I’ve been doing these posts on my Facebook wall for a bit, but realized that they would probably work a lot better as posts on my own blog.
This solves a couple of problems:
- People who aren’t on Facebook can see my logs
- It puts the content on my server, so it doesn’t have to be just on Facebook, and that’s always a good idea
So, some context for those of you who haven’t been seeing me put this stuff on Facebook. I’ve been taking fiddle lessons for several years now and my progress has been excruciatingly slow. Nor has it been helped by the pandemic and the attendant stresses of that.
Details on this practice and background for this behind the fold!
But I’ve been trying a thing lately with my teacher’s approval, wherein I specifically allocate about ten minutes a day, right after my lunch time, to just do a a little practice. This not only helps me establish a routine for practicing—because if you want to get better at an instrument, particularly this instrument, boy howdy do you need to practice—but also lets me do it in smaller chunks of time.
Which, given that I’m a worker in tech with a mentally demanding job that often expects me to work outside business hours, is an important consideration.
So the post-lunch 10-minute practice has been working pretty well. And I’ve been trying to log my practices for general accountability purposes.
Here we go then with today’s practice log!
- One octave A, D, G, in that order
- Refinement of “stop, pivot & drop, roll”, to try to get a sense of what it should feel like when I’m not specifically doing that consciously, and instead just trying to keep the tune or scale moving
- Singing my bow directions to myself on the various notes I’m trying to play
- More deep dive into Blarney Pilgrim
First, commentary about the techniques.
The “stop, pivot & drop, roll” thing is meant to teach me how the various subtle little motions all ought to work when I’m trying to do string crossings. This is hard and it’s one of the things that’s been my challenge playing with learning this instrument for the years I’ve been at it. I’m still not good at it and this is why I have a teacher, because fucking around with it by myself ain’t gonna cut it. I did that mostly with guitar and that was okay, but violin is way harder than guitar and has a lot more angles of motion that you have to care about.
And they’re not intuitive motions, either. My brain keeps fighting me on them. So I have to specifically do things like stop just before I intend to do a string crossing, remember to move my elbow and put my fingers down in the right new place, then move the bow.
But of course if you’re playing an actual tune—especially if you’re playing an actual tune in a live session or for a dance, because Quebec trad music is dance music, like Irish trad—you can’t stop and do that every time. You need to get the motions into your muscle memory. And that takes excruciatingly focused practiced to train your muscles to do the right thing. Or at least, it does if you’re me!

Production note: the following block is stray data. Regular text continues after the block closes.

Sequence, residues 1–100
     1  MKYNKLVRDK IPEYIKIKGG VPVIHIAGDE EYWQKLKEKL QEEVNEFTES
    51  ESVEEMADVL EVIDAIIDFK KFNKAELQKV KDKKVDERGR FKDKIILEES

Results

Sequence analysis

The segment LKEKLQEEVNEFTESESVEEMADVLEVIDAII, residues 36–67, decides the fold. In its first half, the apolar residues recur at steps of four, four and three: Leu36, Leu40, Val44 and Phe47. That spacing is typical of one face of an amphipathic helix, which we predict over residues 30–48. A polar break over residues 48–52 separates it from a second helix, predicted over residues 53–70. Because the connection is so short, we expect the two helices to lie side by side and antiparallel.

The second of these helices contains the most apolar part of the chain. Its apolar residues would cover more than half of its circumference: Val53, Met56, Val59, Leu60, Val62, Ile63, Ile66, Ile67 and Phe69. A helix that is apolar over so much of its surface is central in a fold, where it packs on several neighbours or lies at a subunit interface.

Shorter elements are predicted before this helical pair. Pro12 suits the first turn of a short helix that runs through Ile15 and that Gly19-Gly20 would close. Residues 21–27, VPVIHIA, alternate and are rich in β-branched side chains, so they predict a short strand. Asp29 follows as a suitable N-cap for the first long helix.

So I tried that some today and I finally felt a thing my teacher Lisa Ornstein has been driving home to me all this time: that you need to get prepared to have your elbow or fingers in the right places before you actually need to be there. In this particular case, this meant I felt my elbow swinging even really before my fingertips had to go down in the right new places.
This was a promising thing to sense, and I hope to encourage that further.
Secondly, about the “singing bow directions to myself” thing. This is a helpful tip from my teacher, as a means of encouraging myself to think very clearly beforehand about which ways I want the bow to go before I do it. So if I have a phrase that goes:
… then I might sing on each of those notes, but vocalizing the words “down” and “up”. So assuming I’m not slurring any notes, I’m singing:
But if I start throwing slurs in, I might do something like:
“Dow-own Up Dow-own Up”
(Note here that I’m holding out the one “Down” across two notes here, as opposed to going “Down-Down” because that might encourage me to try to play two individual notes on the same down stroke and it doesn’t work that way. If you’re doing a single stroke and you play different notes, you get a slur.)
And with that in mind, here’s today’s deep dive on what I did with the tune. I poked at the slur patterns I want for Blarney Pilgrim’s A part, and I learned this thing:
Whenever this tune has descending notes, they’re almost always in triplet patterns. So it looks like this:
But when I’m doing slurs on those, it seems like i do not want to slur the whole triplet for optimum ease of bow direction change and handling of string crossing. So the slur pattern works like this:
This also happens to be the way I’d play it on a wind instrument, and either way, it helps give those single notes a little extra punch that I like.
So I tried this today, and yeah, it made the whole A part a lot easier.
So I moved on to the B part to try it there, too. Which makes things a little more exciting as the first phrase of the B part crosses two pairs of strings, starting on the D string, then going up to the E, then back to the D, then down to the A.
Next practice will be exploring this further in the B part, and review of the A part as well so I don’t lose track of how to play that the way I want it.